Jeremy Julian
Yeah. No, the thing I say about him, and I know some of his team members as well, he’s the real deal. He’s this guy I had dinner with him this past March. He happened to join us at a conference and how it took place. He ended up sitting next to me, and he and I talked. And he’s the real deal. He truly believes in the guest experience being paramount to ensuring that people get what they need and being able to engage with those people. 

And that’s part of being present, even. I mean, back to the presence. He’s now asking his customers what they say and then forcing response. Not forcing response in a bad way, but ensuring that customers get the response they need so that they can take action to solve the problems 100%.

Justin Ulrich
Jeremy, before the show, you had sent over a couple of quick nuggets about yourself. And I know you got the kiddos and stuff, but the hiking thing seemed really interesting to me. I guess you hiked the JMT for eight days.

Jeremy Julian
I did. It’s one of my favorite stories. And my wife was eight months pregnant when I did it with our fourth. So that was a thing, too, to get the approval. Maybe seven months pregnant, but it still was with our fourth. And so had a customer who had been at a brand for a really long time, and they opened up a Sabbatical program where you could apply for a certain amount of time off. And he happened to be a good friend of mine, was in my wedding, and was a good friend of mine, still is a good friend of mine. 

And he and I were just talking one day, and he’s like, oh, we got the Sabbatical program. I’m applying. I said, well, what are you going to do with it? And he goes, I’m going to go hike the JMT. And I’m like, okay. So for those that are unfamiliar with hiking, the JMT is John Mirror Trail. It’s in California. It goes through Sierra Nevadas. It’s fantastic. It’s like 260 miles, 280 miles, something like that. And it ultimately finalizes at the end if you go north to south at the highest peak in the continental US. Mount Whitney.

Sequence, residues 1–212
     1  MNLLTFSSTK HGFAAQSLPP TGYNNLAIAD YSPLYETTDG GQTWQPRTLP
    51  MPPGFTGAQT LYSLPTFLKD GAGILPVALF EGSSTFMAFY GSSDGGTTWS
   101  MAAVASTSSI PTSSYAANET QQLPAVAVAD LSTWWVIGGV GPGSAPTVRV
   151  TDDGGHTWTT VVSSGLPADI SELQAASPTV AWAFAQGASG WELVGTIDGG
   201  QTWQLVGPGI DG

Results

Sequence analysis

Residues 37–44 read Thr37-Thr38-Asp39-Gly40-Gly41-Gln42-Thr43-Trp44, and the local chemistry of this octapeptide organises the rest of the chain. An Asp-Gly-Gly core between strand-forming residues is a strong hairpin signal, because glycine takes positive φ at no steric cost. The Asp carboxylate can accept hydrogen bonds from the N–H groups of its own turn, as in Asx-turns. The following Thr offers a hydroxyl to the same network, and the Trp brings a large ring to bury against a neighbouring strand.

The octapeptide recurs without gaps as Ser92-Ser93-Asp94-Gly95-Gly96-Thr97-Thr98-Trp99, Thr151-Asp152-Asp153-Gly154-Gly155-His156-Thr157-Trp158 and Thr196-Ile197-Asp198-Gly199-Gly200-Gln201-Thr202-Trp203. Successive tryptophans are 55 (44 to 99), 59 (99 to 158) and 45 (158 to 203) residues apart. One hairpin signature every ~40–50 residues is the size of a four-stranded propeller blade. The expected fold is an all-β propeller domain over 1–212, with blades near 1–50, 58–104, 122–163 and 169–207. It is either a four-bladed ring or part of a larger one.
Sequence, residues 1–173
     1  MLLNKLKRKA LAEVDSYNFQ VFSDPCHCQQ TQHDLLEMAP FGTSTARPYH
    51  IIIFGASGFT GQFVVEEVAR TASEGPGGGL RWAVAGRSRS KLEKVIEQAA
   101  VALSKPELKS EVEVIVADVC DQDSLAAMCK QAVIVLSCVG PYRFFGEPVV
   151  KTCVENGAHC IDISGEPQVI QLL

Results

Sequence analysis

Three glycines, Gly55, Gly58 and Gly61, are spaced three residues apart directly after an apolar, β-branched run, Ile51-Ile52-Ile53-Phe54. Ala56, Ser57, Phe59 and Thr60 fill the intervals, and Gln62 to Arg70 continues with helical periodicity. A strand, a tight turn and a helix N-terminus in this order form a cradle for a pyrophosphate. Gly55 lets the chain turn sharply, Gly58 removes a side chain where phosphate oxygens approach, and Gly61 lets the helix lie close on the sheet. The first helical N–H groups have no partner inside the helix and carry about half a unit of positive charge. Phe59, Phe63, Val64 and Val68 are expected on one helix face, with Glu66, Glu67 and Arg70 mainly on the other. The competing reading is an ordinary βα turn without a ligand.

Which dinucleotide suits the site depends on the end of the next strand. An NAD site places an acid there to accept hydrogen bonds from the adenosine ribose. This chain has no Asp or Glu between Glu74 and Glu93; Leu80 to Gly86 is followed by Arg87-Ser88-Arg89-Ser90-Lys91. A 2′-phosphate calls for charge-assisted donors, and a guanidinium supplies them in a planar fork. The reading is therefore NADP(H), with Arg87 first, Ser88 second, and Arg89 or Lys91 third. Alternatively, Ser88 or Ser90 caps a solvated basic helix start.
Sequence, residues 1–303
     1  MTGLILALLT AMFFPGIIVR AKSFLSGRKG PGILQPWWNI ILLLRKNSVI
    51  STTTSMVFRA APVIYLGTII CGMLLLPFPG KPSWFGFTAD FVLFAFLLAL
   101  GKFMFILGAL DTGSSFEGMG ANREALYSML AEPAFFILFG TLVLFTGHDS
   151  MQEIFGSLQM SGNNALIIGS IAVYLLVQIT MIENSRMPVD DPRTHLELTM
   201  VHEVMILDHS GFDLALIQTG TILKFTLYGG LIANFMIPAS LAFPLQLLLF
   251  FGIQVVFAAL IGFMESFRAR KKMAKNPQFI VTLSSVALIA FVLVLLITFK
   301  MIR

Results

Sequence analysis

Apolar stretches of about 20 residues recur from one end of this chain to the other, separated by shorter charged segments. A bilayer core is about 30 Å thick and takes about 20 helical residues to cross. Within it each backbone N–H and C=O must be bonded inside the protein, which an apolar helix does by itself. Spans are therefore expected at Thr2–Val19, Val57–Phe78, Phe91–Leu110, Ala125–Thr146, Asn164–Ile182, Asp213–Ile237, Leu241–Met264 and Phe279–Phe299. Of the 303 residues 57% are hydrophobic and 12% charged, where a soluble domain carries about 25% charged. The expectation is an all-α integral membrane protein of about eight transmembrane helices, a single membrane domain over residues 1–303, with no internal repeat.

And so he and I are talking one day, and he was applying for this Sabbatical, and he had watched this movie that was put together by a bunch of hikers called Mile, Mile and a Half. And if you’re a hiker and you haven’t seen that movie, it’s fantastic. It’s a group of videographers that document the entire JMT, a whole 270 miles or whatever it is. And he goes, I fell in love with it. 

He’s like, My wife and I are going to go do this. He says okay. I said, can I tag along? He’s like, absolutely. And then he’s one of those guys that once he dives, he dives to the deepest end of the pool. And so every day for the next six months, when we’re applying for the application to hike the trail, he’s sending me gear, he’s sending me training routines. He’s sending me, you’ve got to do this and you got to do that. You got to read this book. 

It became all consuming for a while, but I can tell you that the amount of experience I had in that seven days, I hiked just about 80 miles over a seven day window. I was gone for eight, but I hiked actually for seven days. First day we drove in, slept to get acclimated to the altitude, and then I hiked from Yosemite to Mammoth. So any of you guys that know California, Yosemite Valley is one of the most gorgeous places in the world. And I hiked for seven days through to Mammoth. And then that’s where I’d parked my car, walked to my car, got in my car and drove home.

Justin Ulrich
I was distracted, candidly, and I was looking at the thing I was going to put on the screen next, and all I heard was, you got there and you drove home. I thought you didn’t do the hike.

Jeremy Julian
I got to my it was, it was know, hiking through Ansel Adams wilderness. If you’re familiar with the photographer Ansel Adams, he’s got a whole wilderness. That’s probably two days of it. We would stay in the valley. We’d hike up to 14,000ft and hike back down, stay in the Valley, everything on our back, nothing carrying with us, nobody. 

It was the three of us. We sent food ahead to these post offices. He ended up hiking the entire John Mir trail. Took about 24 days, 25 days. The 200 and 6280 miles ended up summiting Whitney. He ended up having me for the first half. And another buddy came and met him for the last seven days, and he hiked the last seven days with him. But yeah, it’s a story that I still tell people, and it was one of the most incredible experiences of my life.